MANSFIELD— Local governments and authorities throughout Ohio are facing tough decisions in the weeks and months ahead. With the sharp drop in revenues across the state; public officials—city mayors, county commissioners, school superintendents, and others are eyeing budget reductions that may continue throughout the year.
Ohio Gov. Mike DeWine announced Tuesday he’s cutting $775 million from the state budget in the next two months because of revenue losses due to the pandemic. DeWine said the state went from running $200 million ahead in revenue estimates in February to the nearly three-quarter billion dollar drop last month.
Just to make it clear, DeWine’s new funding cuts exceed the three-quarter billion threshold—an action he believes to be necessary now, in order to avoid more severe cuts down the road.
· Medicaid: $210 million.
· K12 Foundation Payment Reduction: $300 million.
· Other education budget line items: $55 million.
· Higher education: $110 million.
· All other agencies: $100 million.
· Total cuts: $775 million.
Governor DeWine is cutting $775 million from the state budget, which will have a considerable impact on public schools.
Richland County schools take a hard hit
With nearly three million dollars in cuts looming ahead for Richland County schools, superintendents will need to adjust quickly as they prepare to enter into unchartered territory—safely educating children while living in a world plagued by the coronavirus.
MANSFIELD INITIATES BUDGET CUTS
In Richland County’s population center, the City of Mansfield projected a 20% loss in revenue due to the coronavirus and announced their initiation of cuts, directing the Mansfield Fire Department to reduce overtime and not to fill positions when personnel are scheduled off. City officials are saying the actions are necessary in order to prevent future layoffs. Safety services commands the largest share of Mansfield’s budget, providing funding for Police, Fire and 911 Communications.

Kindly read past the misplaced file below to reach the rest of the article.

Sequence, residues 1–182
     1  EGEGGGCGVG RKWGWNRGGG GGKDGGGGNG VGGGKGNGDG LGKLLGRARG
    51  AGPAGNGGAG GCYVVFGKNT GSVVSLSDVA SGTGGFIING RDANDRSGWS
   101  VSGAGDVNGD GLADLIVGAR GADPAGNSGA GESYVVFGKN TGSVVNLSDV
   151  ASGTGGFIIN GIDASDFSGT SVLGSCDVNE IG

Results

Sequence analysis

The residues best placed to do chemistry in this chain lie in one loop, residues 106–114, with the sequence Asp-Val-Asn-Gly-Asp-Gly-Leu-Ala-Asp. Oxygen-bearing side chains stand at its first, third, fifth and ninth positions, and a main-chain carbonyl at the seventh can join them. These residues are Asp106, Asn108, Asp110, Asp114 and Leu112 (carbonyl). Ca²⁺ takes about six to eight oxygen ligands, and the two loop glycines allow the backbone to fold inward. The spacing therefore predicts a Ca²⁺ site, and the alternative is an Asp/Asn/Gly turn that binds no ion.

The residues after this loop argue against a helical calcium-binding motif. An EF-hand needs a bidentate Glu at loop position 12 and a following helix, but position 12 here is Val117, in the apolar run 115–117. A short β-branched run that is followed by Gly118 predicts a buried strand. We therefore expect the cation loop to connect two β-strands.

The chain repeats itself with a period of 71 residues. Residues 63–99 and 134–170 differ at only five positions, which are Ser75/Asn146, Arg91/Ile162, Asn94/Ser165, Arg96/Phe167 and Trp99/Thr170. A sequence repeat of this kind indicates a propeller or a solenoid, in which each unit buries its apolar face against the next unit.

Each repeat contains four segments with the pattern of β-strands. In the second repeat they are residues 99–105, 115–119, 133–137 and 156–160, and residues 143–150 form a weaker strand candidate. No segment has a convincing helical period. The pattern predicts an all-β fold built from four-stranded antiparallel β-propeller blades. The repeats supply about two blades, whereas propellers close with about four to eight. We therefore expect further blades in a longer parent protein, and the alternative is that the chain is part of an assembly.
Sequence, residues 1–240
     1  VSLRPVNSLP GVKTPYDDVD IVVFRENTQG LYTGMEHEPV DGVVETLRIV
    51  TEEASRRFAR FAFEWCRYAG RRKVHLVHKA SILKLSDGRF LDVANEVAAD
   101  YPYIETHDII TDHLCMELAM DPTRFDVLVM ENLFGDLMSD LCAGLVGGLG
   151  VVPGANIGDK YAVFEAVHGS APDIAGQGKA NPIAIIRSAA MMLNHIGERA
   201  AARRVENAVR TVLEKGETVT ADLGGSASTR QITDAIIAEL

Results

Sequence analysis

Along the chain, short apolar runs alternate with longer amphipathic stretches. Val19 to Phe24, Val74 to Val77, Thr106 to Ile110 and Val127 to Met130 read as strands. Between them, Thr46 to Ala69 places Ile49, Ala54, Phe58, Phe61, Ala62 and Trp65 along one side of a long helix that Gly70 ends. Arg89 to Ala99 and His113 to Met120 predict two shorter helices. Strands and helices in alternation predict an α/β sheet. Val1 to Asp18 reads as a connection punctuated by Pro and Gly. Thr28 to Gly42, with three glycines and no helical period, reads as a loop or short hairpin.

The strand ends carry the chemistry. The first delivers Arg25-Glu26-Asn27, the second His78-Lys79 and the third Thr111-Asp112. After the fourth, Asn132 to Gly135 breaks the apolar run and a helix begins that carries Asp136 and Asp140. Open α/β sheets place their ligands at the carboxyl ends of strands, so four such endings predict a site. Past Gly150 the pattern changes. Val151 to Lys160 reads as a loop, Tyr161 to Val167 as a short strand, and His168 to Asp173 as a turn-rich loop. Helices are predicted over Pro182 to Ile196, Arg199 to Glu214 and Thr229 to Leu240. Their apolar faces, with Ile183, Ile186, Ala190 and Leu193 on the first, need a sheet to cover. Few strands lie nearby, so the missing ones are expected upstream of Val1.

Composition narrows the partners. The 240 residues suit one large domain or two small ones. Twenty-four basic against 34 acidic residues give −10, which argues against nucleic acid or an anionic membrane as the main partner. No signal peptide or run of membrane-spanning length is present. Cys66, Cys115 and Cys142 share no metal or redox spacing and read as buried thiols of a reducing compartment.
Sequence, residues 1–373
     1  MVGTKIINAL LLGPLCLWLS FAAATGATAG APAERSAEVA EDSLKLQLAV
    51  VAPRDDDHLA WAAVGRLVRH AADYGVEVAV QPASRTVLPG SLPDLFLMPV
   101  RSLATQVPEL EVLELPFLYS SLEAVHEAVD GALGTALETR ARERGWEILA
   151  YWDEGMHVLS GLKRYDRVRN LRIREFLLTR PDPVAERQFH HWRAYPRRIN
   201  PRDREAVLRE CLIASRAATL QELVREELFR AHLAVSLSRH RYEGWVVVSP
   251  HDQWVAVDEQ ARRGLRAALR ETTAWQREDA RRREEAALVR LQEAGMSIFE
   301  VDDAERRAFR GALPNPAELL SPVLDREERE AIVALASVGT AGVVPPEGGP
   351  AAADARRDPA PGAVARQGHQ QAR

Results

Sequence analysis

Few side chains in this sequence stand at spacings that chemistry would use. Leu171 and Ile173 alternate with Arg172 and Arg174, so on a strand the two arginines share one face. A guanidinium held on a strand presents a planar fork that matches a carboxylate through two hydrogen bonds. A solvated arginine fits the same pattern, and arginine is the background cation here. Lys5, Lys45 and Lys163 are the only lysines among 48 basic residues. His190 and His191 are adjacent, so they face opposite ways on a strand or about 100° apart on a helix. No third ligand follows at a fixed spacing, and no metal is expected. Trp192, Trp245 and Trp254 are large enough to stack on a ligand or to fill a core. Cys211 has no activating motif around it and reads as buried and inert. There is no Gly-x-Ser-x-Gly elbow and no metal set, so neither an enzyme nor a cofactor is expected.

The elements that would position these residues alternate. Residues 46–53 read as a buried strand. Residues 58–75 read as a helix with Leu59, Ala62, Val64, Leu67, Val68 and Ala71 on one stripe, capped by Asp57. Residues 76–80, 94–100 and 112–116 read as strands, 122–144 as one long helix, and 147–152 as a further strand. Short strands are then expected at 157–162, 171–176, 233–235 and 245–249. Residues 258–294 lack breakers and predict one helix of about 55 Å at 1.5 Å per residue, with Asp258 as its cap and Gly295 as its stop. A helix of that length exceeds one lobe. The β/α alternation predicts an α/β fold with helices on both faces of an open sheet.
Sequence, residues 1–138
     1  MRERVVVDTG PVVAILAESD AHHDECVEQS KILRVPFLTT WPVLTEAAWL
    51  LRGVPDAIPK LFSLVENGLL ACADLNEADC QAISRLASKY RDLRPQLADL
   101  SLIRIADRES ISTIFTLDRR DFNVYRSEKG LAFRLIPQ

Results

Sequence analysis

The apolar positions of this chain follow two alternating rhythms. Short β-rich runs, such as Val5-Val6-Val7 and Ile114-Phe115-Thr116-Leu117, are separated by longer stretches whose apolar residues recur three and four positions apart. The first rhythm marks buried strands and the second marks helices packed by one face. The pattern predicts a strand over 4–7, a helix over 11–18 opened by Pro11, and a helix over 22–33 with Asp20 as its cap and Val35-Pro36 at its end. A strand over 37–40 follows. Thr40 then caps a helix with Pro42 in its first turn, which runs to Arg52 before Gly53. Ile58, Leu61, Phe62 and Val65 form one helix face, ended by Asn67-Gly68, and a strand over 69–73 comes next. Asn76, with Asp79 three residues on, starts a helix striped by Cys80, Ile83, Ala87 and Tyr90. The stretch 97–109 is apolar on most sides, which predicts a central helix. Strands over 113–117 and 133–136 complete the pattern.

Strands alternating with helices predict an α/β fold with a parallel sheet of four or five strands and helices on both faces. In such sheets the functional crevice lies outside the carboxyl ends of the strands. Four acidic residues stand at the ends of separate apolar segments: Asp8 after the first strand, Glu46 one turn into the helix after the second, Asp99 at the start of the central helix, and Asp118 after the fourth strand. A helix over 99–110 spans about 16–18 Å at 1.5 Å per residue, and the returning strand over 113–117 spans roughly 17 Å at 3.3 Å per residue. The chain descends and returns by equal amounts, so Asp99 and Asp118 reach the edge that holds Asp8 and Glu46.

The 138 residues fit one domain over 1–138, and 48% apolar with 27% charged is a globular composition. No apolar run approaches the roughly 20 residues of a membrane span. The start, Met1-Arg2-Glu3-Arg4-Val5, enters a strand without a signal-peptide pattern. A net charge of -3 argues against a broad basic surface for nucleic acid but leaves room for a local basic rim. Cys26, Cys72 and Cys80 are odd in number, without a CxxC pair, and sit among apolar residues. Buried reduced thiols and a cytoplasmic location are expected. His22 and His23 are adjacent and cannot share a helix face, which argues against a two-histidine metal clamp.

TAP INTO RAINY-DAY FUNDS?
Local governments, although no longer closely rely on the state Local Government Fund; many do have “rainy day funds” or emergency stabilization funds. The State of Ohio has $2.7 billion in their rainy day account, while Richland County officials reported a rainy day fund amount of 1.3 million.
But the ability of cities to tap into these taxpayer-funded accounts tend to be highly politicized actions, historically split between the political parties. Democrats many times favor using the funds to save struggling budgets, while Republicans are typically disinclined in opening the piggy bank.
Both positions make sense—wanting to save money because you never know when the next big disaster might hit, yet at the same time, if there’s money in the account and it's needed right now in order to prevent downsizing, why not use it?
Which position outweighs the other depends on how much revenues are lost and what’s at stake.
Governor DeWine says he’s not tapping Ohio’s rainy day fund until the new fiscal year beginning in July. “Rainy day money will be needed later this year and next,” he said.
While the entire toll of COVID19 is not yet known and may not be for a while; it’s clear the coronavirus has wreaked havoc in our communities and has touched every corner of the world. Businesses have closed permanently, lives have been lost, and the future of the American education system is now in limbo.
We’re definitely in this together, Ohio.